A new “bio-glue” — an experimental adhesive gel that is activated by a flash of light — has been proven to stop high pressure bleeding in the hearts of pigs.
A team of researchers from Zhejiang University School of Medicine in Hangzhou, China, accepted the challenge.
Inspired by the matrix composition of human connective tissues, they created a gel composed of a network of proteins and other molecules. The product, which requires ultraviolet light to activate, can adhere within seconds and then bond to wet biological tissue surfaces.
In early experiments, the research team showed that their bio-glue could seal wounds to pig livers.
Next, they demonstrated that wounds and punctures of hearts — among the most difficult of surgical challenges — could also be sealed using only the bio-glue, no stitches.
In pigs, the bio-glue sealed a punctured carotid artery, a major blood vessel in the neck, in less than a minute and also filled holes in the cardiac wall. The Chinese researchers monitored their post-surgical pigs for a two-week recovery period and saw natural healing with no abnormalities or unusual inflammation.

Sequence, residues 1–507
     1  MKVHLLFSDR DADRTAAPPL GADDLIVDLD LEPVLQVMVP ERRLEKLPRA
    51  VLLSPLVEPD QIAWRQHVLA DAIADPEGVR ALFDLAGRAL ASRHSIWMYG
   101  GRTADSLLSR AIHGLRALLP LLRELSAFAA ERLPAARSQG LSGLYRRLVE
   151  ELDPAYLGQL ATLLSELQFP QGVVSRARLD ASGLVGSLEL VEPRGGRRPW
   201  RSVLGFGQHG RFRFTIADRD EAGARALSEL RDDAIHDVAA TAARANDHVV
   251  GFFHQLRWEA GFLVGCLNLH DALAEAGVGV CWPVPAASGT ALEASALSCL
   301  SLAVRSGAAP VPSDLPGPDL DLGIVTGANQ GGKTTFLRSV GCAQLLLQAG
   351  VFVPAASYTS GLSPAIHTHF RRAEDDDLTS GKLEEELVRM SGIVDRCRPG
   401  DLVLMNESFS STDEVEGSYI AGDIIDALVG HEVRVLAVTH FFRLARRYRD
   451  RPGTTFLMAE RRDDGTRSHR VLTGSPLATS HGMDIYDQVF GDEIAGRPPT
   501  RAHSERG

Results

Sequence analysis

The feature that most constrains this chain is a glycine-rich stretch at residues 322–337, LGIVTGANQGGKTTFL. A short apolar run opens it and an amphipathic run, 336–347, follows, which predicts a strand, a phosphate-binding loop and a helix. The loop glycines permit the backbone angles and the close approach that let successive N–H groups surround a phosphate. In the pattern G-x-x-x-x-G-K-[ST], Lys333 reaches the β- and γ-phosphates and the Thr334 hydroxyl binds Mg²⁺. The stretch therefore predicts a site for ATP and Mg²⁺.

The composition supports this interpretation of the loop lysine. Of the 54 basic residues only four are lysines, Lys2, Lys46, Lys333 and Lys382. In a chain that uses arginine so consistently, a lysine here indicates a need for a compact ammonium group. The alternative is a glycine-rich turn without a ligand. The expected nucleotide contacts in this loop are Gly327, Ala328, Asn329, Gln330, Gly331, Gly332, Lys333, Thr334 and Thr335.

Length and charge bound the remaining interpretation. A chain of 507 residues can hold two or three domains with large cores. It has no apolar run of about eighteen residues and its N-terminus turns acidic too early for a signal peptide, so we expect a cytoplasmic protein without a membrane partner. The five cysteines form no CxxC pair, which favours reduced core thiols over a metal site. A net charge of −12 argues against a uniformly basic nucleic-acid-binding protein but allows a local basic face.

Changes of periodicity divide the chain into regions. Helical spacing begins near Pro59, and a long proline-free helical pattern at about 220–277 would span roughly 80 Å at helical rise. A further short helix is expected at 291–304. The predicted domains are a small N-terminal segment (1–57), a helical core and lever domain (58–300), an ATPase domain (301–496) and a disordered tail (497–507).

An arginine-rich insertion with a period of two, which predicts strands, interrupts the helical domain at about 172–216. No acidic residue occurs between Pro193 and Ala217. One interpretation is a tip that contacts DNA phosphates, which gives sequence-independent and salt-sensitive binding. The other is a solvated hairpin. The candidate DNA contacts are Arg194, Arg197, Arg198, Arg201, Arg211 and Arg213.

The surgical repairs can withstand a systolic blood pressure reading of up to 290 millimeters of mercury, or mmHg, which is “significantly higher” than systolic readings seen by most doctors (the usual range is between 60 and 160), the study authors noted.
“Most importantly, the hydrogel can stop high-pressure bleeding from pig carotid arteries with 4~ 5 mm-long incision wounds and from pig hearts with 6 mm diameter cardiac penetration holes.”
Based on these early experiments, the bio-glue shows promise for use in human surgeries and to stop emergency bleeding, the authors concluded.